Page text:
When the song came on the radio, I remembered that moment, and how I downloaded it illegally that winter and, after we broke up, played it over and over again as is the wont of eighteen-year-olds crossed in love. I laughed, I thought, "I don't feel sad NOW!" But I did, a little.

I have to clarify - I'm always terrified that the objects of my blogging will somehow find it - I was in no way pining for this ex. Nor am I, five years later, still mad about what happened.

First of all, it's great fuel for writing. I mean, it's perfect how many metaphors for the time existed in the actual physical surroundings. Lots of things involving "cold," "darkness," and "ice," without being too cliche I hope. For example, one date (this stands in history as one of the awesomest dates, by the way) consisted of driving to parks just over the NJ/PA border, where there are lots of waterfalls. We went for a mini hike/picture-taking excursion around snow-covered, partially frozen waterfalls. Frozen waterfalls! What a great poetic image, especially for a couple of depressed people who had a very short but nice relationship - like they were frozen (haha frozen! ice! waterfalls! winter!) in time. (Also, a picture of me from that day is one of those things I think of as a definitive portrait of me from some time in my life; from that winter there are many pictures of me in the useless navy blue peacoat with a strained smile and a desperately sad expression.) Anyway, in addition to being an awesome date (which didn't cost the man a dime, except gas money - take note of this men!) it was something I could and should make into a beautiful, appropriate poem.

(There was much literary merit in my time with this bf. For one thing, we had secretly liked each other before, but never acted on it because we were-gasp!-from different social circles. Yes, that's right. I was literary and academic and he was...A FOOTBALL PLAYER!!!!! I plan to write about it, someday, highlighting that aspect - the football player + nerd romance - the sad parts tied in with ice metaphors, and also a lot of humor, a lot of making fun of how silly I was at eighteen.)

So anyway, that song, and driving on the same roads, being up here, made me sad not because I want a bf, or miss that specific one, or anything stupid like that. I just felt sad for who I was at that time, someone who placed her happiness on someone else's approval, someone who felt that life was complete when a Homecoming King called her "princess," and consequently, when this fell apart (in three freaking weeks!) felt like something had gone terribly wrong. I was imagining myself hearing the song, someone who was desperately clinging to happiness based on something external, something that didn't come from within, something based entirely on another person. I was imagining myself being in a state of doomed happiness - right before the moment when I realized, deep down, the thing on which my happiness was based was ephemeral.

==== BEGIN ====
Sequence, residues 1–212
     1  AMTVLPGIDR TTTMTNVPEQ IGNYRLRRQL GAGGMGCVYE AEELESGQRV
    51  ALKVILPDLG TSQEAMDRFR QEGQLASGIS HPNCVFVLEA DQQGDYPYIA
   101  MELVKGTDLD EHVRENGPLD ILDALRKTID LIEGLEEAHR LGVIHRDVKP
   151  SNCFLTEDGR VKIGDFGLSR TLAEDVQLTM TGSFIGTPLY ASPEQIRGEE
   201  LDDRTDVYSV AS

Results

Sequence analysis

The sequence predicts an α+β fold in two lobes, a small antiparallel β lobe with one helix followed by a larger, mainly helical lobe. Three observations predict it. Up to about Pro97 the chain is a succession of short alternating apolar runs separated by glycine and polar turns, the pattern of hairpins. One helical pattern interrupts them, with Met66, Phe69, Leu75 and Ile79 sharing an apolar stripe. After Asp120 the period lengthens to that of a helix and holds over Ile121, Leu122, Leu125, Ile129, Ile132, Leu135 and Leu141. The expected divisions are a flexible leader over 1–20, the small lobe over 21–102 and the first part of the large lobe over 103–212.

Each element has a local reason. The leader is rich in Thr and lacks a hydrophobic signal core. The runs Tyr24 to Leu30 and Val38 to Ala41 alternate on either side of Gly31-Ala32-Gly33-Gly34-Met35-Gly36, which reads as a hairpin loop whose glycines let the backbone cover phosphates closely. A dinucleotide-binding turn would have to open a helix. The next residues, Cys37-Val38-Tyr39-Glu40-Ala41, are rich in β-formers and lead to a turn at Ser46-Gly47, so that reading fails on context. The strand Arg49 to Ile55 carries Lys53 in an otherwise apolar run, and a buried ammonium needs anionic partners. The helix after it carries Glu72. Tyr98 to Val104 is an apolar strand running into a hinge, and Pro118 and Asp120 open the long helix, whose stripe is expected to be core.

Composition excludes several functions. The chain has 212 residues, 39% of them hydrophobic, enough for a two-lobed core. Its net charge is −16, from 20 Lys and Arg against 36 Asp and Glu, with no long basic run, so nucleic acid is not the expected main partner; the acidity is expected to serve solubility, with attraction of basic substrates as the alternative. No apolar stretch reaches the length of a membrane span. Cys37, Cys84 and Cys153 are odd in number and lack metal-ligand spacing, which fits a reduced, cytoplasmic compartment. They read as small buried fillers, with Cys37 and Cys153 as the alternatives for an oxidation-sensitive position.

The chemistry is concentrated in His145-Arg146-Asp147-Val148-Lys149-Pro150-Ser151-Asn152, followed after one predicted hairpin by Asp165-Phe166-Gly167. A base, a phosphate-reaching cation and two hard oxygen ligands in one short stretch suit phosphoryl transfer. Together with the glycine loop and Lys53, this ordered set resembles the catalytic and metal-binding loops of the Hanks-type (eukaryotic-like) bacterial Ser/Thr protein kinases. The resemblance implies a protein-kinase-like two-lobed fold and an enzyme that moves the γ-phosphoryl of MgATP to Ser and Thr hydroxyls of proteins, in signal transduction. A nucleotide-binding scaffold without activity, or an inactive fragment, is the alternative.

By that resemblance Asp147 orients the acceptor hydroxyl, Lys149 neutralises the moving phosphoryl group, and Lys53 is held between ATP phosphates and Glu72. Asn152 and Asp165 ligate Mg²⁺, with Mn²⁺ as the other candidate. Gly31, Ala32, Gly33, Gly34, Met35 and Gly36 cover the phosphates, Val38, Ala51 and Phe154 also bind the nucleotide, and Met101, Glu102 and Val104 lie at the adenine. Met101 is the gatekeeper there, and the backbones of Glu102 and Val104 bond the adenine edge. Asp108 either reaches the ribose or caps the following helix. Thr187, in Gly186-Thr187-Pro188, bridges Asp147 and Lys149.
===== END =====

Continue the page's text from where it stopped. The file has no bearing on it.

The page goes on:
In summary, (gah these blog posts get long and far from my original intention of writing) my current stay in Sussex County is not bad at all (I'll write about that later - the positive) but memories like this keep flying at me. I'll have a nice day which ends with some kind of social interaction, and as soon as I get a few miles down the road in the direction of home, the darkness of the night (they don't have many streetlights around here, the roads don't have many other cars, and the trees and clouds obscure the stars) starts to get to me. I feel like I am driving, physically and figuratively, through black ice (not like the kind on the roads - I'm still working with the wording of this one.) For a moment, everything seems impossibly, infinitely, endlessly cold, black, sad in a beautiful way. Before I can sink into my old depression, I just stand on the edge of it, the safe zone where I can look back on a memory, feel nostalgic, admire what is pretty of my surroundings, and then step back and see where I am now - not alone, not sad, not wanting anything I don't have or am not in the process of getting, no longer dependent on someone else's approval for my own self-worth or happiness.

1 comment:

Anonymous said...

I spent chunks of many years sitting at "home" in north.NJ mired in memories - regrets, lusts, open wounds, the gamut. Out back the landscape was being actively destroyed as I looked out the door each morning - a perfect metaphor for the transition from adolescence to adulthood. It's almost too obvious, too literary a metaphor, to be real...but hey.

Being alone with those memories helped the transition, though I didn't know it (nor what to do) at the time...